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intr.v. lan·guished, lan·guish·ing, lan·guish·es
1. To be or become weak or feeble; lose strength or vigor: crops languishing from a lack of rain.
2. To exist or continue in miserable or disheartening conditions: languished away in prison.
3. To remain unattended or be neglected: legislation that continued to languish in committee.
4. To become downcast or pine away in longing: languish apart from friends and family; languish for a change from dull routine.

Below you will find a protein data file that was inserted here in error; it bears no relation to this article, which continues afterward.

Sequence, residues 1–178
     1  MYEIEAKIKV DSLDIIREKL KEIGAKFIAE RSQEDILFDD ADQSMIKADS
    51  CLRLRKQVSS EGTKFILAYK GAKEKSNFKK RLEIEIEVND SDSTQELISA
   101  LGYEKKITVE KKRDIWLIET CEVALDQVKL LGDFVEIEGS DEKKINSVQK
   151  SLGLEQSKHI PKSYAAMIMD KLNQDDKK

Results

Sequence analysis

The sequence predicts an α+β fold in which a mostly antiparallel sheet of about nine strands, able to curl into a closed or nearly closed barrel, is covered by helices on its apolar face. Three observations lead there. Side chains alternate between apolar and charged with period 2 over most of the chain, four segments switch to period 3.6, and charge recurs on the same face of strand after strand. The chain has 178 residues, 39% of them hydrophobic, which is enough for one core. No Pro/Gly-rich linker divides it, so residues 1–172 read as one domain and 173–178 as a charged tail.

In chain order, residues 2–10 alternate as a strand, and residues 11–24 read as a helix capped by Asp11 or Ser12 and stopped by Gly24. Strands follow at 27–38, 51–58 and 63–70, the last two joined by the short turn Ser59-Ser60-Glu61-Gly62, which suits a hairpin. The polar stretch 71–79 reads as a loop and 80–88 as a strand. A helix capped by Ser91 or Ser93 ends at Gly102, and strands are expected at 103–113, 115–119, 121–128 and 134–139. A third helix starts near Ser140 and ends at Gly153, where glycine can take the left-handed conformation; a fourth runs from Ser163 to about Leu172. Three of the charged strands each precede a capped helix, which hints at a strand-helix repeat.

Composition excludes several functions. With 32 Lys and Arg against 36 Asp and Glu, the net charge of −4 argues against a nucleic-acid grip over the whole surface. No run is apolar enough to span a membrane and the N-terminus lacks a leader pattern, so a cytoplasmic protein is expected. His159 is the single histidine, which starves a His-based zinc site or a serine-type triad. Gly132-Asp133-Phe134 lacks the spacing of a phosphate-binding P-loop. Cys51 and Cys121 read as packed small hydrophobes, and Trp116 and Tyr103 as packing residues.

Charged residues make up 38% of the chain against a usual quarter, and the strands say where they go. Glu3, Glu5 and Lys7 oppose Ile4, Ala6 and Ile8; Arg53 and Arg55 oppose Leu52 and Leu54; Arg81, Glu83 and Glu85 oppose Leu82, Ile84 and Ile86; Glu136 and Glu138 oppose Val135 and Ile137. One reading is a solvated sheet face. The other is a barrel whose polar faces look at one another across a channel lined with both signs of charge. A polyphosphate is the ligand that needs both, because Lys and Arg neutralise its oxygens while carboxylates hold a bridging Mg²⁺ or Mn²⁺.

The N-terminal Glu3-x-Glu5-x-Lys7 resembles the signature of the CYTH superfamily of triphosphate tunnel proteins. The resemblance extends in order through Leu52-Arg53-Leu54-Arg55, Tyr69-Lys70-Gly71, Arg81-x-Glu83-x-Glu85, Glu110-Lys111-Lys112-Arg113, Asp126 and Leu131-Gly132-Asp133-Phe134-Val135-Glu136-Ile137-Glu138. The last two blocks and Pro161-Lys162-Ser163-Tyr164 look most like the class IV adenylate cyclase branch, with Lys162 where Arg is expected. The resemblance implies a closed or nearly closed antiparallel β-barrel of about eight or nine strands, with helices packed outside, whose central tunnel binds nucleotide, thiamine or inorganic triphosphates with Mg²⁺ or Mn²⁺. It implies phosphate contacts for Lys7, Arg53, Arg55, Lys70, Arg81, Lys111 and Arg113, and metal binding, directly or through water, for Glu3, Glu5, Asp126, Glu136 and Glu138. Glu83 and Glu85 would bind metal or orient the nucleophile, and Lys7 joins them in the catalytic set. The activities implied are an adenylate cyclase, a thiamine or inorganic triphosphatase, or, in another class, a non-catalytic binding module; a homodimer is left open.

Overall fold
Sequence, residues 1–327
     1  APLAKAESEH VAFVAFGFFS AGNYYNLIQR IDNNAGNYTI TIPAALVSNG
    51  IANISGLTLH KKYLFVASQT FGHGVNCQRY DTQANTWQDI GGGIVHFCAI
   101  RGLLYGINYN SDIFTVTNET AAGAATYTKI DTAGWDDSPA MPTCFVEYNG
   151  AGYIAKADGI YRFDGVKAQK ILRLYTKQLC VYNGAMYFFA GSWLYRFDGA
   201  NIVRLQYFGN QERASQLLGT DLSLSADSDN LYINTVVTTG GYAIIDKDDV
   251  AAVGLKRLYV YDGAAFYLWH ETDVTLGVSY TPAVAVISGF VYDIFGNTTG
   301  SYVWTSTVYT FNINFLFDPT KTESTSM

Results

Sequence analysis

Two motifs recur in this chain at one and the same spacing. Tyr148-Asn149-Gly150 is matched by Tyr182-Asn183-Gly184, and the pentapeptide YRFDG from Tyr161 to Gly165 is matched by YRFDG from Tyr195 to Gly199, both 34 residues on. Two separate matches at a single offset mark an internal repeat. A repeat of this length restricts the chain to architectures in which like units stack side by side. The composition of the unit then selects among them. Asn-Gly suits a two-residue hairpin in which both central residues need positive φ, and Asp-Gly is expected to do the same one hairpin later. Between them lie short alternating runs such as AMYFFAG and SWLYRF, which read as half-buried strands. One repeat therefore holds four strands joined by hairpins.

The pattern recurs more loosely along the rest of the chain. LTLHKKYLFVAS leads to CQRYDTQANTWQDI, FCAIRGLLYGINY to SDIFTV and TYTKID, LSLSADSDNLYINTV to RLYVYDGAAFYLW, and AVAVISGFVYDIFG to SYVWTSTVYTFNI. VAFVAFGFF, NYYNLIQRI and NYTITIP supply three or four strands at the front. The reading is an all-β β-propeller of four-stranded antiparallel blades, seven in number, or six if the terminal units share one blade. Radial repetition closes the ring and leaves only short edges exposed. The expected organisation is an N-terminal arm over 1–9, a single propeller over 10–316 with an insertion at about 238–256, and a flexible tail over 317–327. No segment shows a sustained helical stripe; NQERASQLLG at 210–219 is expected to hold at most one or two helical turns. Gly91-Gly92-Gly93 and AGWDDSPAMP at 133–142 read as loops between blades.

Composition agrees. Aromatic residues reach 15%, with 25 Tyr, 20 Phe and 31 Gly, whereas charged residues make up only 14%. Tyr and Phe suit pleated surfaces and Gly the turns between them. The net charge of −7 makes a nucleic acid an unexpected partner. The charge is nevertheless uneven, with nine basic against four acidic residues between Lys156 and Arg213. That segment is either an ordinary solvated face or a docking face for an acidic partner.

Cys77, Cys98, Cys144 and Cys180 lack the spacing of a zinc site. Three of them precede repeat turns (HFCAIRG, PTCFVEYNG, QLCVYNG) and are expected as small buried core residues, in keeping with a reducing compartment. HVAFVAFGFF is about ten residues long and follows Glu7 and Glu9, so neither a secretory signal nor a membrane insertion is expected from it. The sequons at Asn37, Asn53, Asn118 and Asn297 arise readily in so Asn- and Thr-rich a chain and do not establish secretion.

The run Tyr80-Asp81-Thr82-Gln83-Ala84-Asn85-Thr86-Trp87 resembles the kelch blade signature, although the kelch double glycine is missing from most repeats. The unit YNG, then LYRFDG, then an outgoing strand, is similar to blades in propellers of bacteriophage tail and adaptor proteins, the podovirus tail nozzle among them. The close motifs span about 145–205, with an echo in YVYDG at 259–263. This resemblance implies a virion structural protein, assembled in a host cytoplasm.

[Middle English languishen, from Old French languir, languiss-, from Latin languēre, to be languid; see slēg- in Indo-European roots.]

lan′guish·er n.
lan′guish·ing·ly adv.
lan′guish·ment n.
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References in periodicals archive ?
Five Points' long years of economic languishment, prior to gentrification, certainly illustrate the point.
The story of the Hepburn Bill's initial momentum, languishment, and eventual defeat has been meticulously recounted by Martin Sklar.
Even though the proponents addressed regulators' concerns for specific financial and security issues in the proposed legislation, the DFS has not provided support for the legislation, resulting in its languishment in the Legislature for the past few years.